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HomeGeneralStudents Urge Ongoing Change as Penn Leaders Resign

Students Urge Ongoing Change as Penn Leaders Resign

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A picture of the Ivy League presidents, Sally Kornbluth. Elizabeth Magill, and Claudine Gay at the hearing.
Source: Twitter/NYPost

On Sunday, students on the University of Pennsylvania campus said that the resignations of President Liz Magill and Scott Bok, Chairman of Penn’s Board of Trustees, haven’t reduced the call for more changes at the school.

“There’s a realization that one step is over,” said junior Akiva Berkowitz outside Steinhardt Hall, home to the campus’ Jewish organization Hillel. “But the process is not, and I don’t want people to think this is the end. Many things still need to happen. A lot still needs to change.”

Magill resigned on Saturday following criticism of her congressional testimony on antisemitism at college campuses. Critics argued that Magill and the presidents of Harvard and MIT failed to address intimidation and hate speech incidents at their institutions sufficiently.

ALSO READ: The Department of Education Is Investigating 6 More Schools For Anti-Muslim Discrimination as The Israel-Hamas War Continues

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Harvard University’s Claudine Gay and MIT’s Sally Kornbluth testified before the congressional committee. Similar to Magill, both being lawyers, they provided carefully worded statements that some believed did not fully address the issues.

Sophomore Jack Cohen emphasized to USA TODAY that students at Penn need to witness tangible actions being taken.

“It’s not comfortable being here,” the São Paolo, Brazil, native said. “At the end of the day, we want to see more change. We want to feel more supported. ‘Change’ is the key word, change for the better.”

POLL — Should Public Schools Include Critical Race Theory and Sex Education in Their Curriculum?

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Magill took over as Penn’s president in 2022, succeeding Amy Gutmann, who became the U.S. ambassador to Germany. Magill will stay until an interim president is chosen and will continue as a faculty member at the law school.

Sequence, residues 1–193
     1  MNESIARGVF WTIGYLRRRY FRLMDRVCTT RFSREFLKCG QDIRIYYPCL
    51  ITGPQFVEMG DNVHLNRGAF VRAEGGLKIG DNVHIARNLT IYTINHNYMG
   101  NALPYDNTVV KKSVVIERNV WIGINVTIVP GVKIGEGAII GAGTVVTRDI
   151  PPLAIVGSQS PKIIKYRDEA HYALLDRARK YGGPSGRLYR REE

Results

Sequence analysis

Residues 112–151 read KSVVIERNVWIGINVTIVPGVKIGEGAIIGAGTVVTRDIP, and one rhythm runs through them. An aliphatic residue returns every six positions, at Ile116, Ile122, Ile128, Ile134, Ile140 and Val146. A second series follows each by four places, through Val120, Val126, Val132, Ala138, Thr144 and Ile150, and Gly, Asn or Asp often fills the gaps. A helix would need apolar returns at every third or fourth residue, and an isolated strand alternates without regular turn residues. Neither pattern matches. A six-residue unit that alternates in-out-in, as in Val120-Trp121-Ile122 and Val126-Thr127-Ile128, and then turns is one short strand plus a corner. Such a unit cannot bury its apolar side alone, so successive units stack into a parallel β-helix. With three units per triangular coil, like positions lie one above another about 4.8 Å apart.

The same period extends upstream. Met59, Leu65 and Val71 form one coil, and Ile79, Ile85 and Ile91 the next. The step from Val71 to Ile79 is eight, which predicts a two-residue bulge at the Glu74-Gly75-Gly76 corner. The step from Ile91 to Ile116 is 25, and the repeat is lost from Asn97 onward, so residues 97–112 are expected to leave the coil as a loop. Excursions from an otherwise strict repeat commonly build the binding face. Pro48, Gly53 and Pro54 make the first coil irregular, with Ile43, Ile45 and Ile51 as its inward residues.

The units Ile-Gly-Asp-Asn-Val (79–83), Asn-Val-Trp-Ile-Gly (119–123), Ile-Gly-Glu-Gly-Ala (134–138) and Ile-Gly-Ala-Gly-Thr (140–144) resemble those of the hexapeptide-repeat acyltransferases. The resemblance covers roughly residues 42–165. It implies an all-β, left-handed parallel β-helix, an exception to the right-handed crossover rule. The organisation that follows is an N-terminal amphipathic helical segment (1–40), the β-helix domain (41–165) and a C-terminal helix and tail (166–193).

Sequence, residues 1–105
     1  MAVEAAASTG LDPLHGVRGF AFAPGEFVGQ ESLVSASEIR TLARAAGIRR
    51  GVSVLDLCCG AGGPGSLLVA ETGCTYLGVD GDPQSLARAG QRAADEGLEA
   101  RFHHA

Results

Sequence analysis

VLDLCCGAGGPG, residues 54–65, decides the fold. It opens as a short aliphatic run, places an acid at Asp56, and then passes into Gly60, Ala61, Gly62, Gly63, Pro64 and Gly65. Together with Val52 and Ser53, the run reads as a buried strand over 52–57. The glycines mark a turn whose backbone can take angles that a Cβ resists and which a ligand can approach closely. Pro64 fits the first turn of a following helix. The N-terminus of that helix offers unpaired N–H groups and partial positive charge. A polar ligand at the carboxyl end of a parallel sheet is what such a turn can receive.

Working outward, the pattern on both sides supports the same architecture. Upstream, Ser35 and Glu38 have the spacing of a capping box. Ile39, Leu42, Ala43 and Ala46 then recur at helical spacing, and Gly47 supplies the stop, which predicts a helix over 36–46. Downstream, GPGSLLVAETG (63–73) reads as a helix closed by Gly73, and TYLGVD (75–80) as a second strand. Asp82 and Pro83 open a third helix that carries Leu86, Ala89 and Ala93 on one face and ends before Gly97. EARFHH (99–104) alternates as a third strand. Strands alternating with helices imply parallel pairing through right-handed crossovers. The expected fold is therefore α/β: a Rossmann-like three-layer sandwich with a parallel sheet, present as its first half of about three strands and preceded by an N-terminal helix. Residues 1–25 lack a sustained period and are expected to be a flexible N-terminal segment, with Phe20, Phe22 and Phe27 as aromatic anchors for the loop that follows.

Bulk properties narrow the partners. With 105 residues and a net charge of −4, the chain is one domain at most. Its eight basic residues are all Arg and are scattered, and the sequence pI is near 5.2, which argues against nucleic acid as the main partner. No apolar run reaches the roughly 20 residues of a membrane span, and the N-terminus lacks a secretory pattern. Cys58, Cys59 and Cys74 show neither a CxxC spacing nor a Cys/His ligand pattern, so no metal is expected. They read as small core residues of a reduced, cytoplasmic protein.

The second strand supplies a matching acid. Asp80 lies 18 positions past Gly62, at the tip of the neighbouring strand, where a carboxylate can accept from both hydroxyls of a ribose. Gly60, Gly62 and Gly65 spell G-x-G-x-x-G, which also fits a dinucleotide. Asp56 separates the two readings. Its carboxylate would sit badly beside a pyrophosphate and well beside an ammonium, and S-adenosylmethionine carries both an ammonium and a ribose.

In September, the Hillel Center was vandalized, with a swastika spray-painted on a wall at the Stuart Weitzman School of Design just before Rosh Hashanah. The university newspaper, the Daily Pennsylvanian, reported the incidents.

The October 7 attacks on Israel by Hamas and Israel’s swift and sweeping incursions into Gaza inflamed tensions on the already-simmering campus. Some students at Penn believed there was insufficient support for Jewish students.

They felt that the rhetoric of pro-Palestinian protesters crossed the line into antisemitism. Graduate student Megan Singleton at the Weitzman School expressed satisfaction with Magill’s resignation, particularly following her testimony before Congress.

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ALSO READ: Teacher’s Union Rep. Bags Suspension after Making Antisemitic Comments on Social Media 

Tawanda Gibbs, a food service worker at Penn, mentioned feels Magill was pressured to leave and remarked, “There’s racism here. There’s always been racism here. They’re making much of it now, but it’s not new here.”

A lawyer for Eyal Yacoby and Jordan Davis, who on Tuesday sued the University of Pennsylvania over “virulent anti-Jewish hatred, harassment, and discrimination” at the institution, said Magill’s resignation is only the first action in restoring the school to a better place for Jewish students.

“This resignation is the first of many necessary steps toward rebuilding a Penn free of antisemitic abuse and harassment,” lawyer Marc Kasowitz said. “The lawsuit we have brought on behalf of courageous Penn students will ensure that that goal is achieved.” 

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